Pontian probably presided over the Roman synod which condemned the writings of Origen, the great Alexandrian speculative theologian and biblical scholar.

It was also during Pontian's episcopacy that a Roman synod condemned certain teachings of the great African Christian writer Origen. It is likely that Pontian presided at this council, which, according to Jerome (Epist. 33, to Paula), upheld the decisions of an Alexandrian synod against Origen in (231-2).

Although Jerome, writing in the late fourth century, eventually joined in the growing condemnation of Origen, he makes it clear in his letter to Paula that he did not concur with the Roman synod that had anathematized him:

Who has ever managed to read all that he has written? Yet what reward have his exertions brought him? He stands condemned by his bishop, Demetrius, only the bishops of Palestine, Arabia, Phoenicia, and Achaia dissenting. Imperial Rome consents to his condemnation, and even convenes a synod to censure him, not—as the rabid hounds who now pursue him cry—because of the novelty or heterodoxy of his doctrines, but because men could not tolerate the incomparable eloquence and knowledge which, when once he opened his lips, made others seem dumb.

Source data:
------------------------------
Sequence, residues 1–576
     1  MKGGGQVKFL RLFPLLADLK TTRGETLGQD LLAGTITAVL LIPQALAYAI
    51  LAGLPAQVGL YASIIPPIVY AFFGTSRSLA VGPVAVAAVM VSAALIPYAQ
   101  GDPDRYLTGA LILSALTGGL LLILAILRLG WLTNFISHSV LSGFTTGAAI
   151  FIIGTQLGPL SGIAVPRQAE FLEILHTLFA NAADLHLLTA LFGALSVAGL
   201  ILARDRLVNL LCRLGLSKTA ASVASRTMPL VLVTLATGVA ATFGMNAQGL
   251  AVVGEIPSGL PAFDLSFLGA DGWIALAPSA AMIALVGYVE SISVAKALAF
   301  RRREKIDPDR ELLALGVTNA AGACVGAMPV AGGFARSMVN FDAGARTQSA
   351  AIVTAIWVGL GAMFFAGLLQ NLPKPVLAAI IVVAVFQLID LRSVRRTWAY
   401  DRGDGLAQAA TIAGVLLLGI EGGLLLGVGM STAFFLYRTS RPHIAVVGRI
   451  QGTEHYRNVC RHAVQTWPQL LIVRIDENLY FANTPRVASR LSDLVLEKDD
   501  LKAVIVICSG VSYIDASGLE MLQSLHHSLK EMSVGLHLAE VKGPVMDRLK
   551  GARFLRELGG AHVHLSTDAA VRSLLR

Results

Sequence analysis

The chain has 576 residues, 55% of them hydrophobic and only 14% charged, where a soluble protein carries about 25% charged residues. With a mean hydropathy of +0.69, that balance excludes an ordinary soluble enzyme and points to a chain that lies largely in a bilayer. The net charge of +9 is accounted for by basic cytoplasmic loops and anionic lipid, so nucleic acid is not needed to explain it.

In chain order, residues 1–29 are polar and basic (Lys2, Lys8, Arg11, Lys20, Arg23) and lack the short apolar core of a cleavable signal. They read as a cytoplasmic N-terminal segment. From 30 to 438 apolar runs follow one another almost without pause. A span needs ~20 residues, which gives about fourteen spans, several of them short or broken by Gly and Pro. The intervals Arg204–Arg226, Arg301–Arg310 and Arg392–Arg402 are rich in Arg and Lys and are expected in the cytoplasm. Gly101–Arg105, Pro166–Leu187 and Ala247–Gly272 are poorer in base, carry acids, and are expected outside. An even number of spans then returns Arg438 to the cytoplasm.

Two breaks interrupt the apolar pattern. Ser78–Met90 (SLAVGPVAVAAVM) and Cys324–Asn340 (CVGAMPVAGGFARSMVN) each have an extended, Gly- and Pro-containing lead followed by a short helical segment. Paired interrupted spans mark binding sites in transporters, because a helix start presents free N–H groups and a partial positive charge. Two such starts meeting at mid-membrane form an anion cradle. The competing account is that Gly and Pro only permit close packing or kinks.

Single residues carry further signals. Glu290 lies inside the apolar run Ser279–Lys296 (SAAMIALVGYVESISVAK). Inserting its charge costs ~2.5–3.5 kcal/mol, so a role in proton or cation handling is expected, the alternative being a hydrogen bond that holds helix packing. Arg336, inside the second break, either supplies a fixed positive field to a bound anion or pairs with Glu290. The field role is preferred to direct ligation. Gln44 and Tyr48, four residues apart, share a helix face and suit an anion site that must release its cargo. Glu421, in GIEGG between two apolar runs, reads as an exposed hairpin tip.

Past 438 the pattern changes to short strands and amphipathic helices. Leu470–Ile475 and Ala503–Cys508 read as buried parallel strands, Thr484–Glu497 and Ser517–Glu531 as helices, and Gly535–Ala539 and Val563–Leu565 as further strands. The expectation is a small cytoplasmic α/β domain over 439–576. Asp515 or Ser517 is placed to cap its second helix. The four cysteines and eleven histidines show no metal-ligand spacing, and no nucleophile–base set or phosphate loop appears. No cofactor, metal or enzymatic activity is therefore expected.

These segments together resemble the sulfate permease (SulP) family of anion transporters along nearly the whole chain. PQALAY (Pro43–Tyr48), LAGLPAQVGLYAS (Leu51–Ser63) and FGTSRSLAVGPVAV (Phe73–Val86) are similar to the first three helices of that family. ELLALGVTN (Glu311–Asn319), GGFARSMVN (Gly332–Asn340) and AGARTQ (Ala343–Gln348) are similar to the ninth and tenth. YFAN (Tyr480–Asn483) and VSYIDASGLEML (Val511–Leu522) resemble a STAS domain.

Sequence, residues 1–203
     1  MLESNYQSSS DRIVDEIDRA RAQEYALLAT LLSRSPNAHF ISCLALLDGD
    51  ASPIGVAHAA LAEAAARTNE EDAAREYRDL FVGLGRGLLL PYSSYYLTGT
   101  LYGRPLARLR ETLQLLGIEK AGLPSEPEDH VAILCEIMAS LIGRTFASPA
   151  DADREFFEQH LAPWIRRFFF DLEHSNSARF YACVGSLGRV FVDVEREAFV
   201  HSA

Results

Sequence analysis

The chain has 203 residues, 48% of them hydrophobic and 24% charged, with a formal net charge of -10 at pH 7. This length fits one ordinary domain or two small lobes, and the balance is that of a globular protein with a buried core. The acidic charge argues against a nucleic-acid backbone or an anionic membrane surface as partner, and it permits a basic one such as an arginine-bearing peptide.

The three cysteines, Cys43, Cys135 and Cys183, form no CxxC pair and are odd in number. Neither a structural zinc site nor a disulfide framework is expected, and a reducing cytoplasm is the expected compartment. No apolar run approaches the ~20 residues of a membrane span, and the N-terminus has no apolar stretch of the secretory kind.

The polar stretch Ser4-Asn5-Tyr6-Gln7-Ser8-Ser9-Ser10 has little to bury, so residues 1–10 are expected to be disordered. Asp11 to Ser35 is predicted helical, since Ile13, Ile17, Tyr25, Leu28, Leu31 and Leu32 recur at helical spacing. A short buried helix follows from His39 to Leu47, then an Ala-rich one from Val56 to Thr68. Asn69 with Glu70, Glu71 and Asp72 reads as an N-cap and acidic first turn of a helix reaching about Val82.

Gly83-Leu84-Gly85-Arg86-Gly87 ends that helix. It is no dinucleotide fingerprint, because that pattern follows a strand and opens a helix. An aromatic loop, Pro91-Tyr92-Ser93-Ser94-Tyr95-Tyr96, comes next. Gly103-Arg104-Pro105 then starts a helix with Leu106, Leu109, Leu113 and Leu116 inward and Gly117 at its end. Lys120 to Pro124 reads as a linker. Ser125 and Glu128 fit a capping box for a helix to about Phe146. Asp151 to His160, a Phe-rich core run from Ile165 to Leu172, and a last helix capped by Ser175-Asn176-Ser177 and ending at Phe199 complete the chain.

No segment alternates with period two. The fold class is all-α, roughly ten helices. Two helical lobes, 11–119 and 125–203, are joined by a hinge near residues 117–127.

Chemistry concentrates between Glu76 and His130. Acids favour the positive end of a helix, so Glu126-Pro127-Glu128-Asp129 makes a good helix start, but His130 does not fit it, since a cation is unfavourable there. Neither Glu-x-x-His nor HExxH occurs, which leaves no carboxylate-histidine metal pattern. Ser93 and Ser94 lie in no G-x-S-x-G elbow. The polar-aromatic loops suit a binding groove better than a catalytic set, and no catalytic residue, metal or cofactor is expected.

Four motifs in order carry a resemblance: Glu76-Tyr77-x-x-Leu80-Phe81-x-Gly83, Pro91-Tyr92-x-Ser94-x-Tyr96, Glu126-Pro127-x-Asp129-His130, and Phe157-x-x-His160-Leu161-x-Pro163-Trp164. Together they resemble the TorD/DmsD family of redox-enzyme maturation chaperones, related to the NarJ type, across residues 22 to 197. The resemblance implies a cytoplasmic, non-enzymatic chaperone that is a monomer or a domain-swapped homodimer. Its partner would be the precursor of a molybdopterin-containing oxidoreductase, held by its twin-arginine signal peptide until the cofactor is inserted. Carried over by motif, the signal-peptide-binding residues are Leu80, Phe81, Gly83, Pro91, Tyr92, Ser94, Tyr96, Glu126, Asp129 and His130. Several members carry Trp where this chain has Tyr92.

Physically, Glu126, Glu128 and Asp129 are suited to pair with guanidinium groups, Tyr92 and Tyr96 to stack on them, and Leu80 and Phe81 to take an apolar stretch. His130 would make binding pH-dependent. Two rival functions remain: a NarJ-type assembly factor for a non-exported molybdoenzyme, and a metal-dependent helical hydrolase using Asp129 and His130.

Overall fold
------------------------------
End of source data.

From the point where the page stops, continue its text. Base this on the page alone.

Although it is not known exactly what the Roman synod in Pontian's time said regarding Origen, one of Origen's ideas was of the pre-existence of souls. In his own time, however, it was not deemed heretical to promote this idea. Origen concluded that human souls exist prior to their connection to earthly forms in the spiritual world with God. He also doubted the resurrection of the physical body, speculated about the life of the stars, and wondered whether heavenly bodies possessed souls.

Origen's most widely condemned doctrine, however, was his teaching of universal restoration (apokatastasis). He likened the Creator to a divine teacher, who could not fail, in the long run, in properly instructing its students. He thus concluded that, in time, all humans would be restored to their former sinless status, becoming perfect and living in the presence of God. In his view, this restoration included all souls, not just humanity, but evil spirits, fallen angels, and even Satan.